from the scapegoats-are-not-good-policymaking dept
The recent mass murders in Buffalo and Uvalde are sickening, horrifying, and extraordinarily frustrating. And part of that is because, as The Onion keeps having to point out, we live in a world where the underlying message is: ‘No Way To Prevent This,’ Says Only Nation Where This Regularly Happens.
And that is the most frustrating part of this. There are ways to deal with this. But they’re politically infeasible. Democrats focus on what appear to be pretty basic gun control concepts, around background checks, and putting at least some limits on the more extreme weapons out there (i.e., the ones favored in many of these mass murders). Republicans politicians (though, bizarrely, not the actual voters, outside of a few extremes) refuse to even consider any kind of gun laws. At all.
Republican talking points have focused on mental health. And, clearly, that is an issue. But it also raises the question: why aren’t Republicans then in favor of better, more readily available, mental healthcare for everyone? Or, even more to the point, why are Republicans, who say they’re concerned about mental healthcare, unwilling to consider gun laws that might keep guns out of the hands of those who are at risk of committing a mass murder?
And, Democrats, being feckless and incompetent as always, take all of their talking points and focus by letting Republicans frame the debate entirely, always on the defensive, and rarely, if ever, making even the slightest attempt to frame things in a positive manner. It’s always just pushing back on Republican’s and their dishonest framing.
Both parties deserve each other, but neither seems to want to explore actual solutions.
And thus, they’re converging on the same nonsense: blame social media.
We saw it in New York, where it’s now clear there were multiple levels of government failings that contributed to the situation in Buffalo, but where the Governor and the Attorney General have decided it was easier to blame social media than to tackle the real issues related to a racist teenager deciding to commit mass murder.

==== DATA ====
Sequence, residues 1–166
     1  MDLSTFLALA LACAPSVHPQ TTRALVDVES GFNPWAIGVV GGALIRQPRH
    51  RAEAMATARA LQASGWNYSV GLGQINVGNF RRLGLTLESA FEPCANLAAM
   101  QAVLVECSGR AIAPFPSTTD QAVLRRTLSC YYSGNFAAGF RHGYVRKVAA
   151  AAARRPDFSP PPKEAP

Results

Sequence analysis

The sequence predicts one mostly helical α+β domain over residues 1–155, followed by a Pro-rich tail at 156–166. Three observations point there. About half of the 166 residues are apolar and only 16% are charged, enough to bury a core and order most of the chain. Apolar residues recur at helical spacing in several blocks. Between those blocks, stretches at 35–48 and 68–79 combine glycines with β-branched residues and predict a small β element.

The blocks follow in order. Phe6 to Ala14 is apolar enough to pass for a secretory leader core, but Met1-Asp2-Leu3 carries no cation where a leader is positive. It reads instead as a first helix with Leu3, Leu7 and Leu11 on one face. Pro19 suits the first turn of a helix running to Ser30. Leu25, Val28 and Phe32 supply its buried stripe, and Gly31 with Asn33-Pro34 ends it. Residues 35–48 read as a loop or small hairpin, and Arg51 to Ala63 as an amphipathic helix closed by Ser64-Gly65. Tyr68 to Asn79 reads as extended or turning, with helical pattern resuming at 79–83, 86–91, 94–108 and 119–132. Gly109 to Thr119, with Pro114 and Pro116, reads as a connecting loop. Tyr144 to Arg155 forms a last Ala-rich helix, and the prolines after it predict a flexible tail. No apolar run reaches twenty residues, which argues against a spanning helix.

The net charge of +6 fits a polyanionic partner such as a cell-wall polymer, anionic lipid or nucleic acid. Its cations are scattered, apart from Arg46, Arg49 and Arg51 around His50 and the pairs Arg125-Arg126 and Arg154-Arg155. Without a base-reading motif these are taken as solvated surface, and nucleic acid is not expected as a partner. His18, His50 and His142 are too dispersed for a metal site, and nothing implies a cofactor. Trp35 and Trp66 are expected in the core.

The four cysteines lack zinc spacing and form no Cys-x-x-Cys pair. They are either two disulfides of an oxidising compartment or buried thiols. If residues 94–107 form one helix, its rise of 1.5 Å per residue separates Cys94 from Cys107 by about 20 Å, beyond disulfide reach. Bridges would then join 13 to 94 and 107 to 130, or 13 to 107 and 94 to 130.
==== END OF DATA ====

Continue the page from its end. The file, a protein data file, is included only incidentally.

And, now we’re seeing people trying to do the same regarding the equally horrifying mass murder (of children!) in Texas. US Senate candidate from Georgia, Herschel Walker, (who is not exactly known for coherently talking about anything) went on TV to argue that the answer can’t be taking away 2nd Amendment rights, but should be taking away 1st Amendment rights.
In that video he says:
What we need to do is look into how we can stop those things. You talk about doing the disinformation. What about getting a department that can look at young men that’s looking at women that’s looking at social media. What about doing that? Looking into things like that? And we can stop things that way. Yet they want to just continue to talk about taking away your Constitutional rights…
News flash, Herschel: a department that is looking into the speech of people also is taking away constitutional rights. It’s the first one. The one before the one you’re talking about.
But, even if you want to dismiss that as Herschel Walker being Herschel Walker, there are more serious conversations that seem to want to keep pointing the finger at social media as well. The Washington Post, for example, has a story covering both mass murders with the title: As young gunmen turn toward new social networks, old safeguards fail. And again, it seems to want to suggest there’s some sort of blame here:
Both the Uvalde, Texas, shooter and the one in Buffalo, used a combination of disappearing video-app Snapchat, Instagram direct messages, chat-app Discord and social-app Yubo to meet people and share their violent plans with acquaintances. In the case of the Buffalo shooting, the gunman also used video streaming platform Twitch to publicize his deadly attack.
These apps are communications apps. People communicate with them. It’s weird to blame the tools for the actual communications, but that always seems to be the focus.
And, to some extent, I understand the psychological reasons for this. The framing of the debate means actual solutions are off the table. I mean, anyone who even mentions guns is accused of “politicizing” tragedy. So, it’s easy as a kind of venting to focus anger and blame on the tech industry at a moment when the media narrative has been already beating up on that industry from every direction. So why not just blame mass murder on it as well?
To be clear, I actually think the meat of the Washington Post article is fairly balanced, and it includes comments from smart people highlighting that these services have been mostly incredibly powerful in useful ways for people. But, it just feels like the frustration about not being able to do anything about the bigger issues — guns and mental health — means everyone is converging on the current favorite punching bag: social media.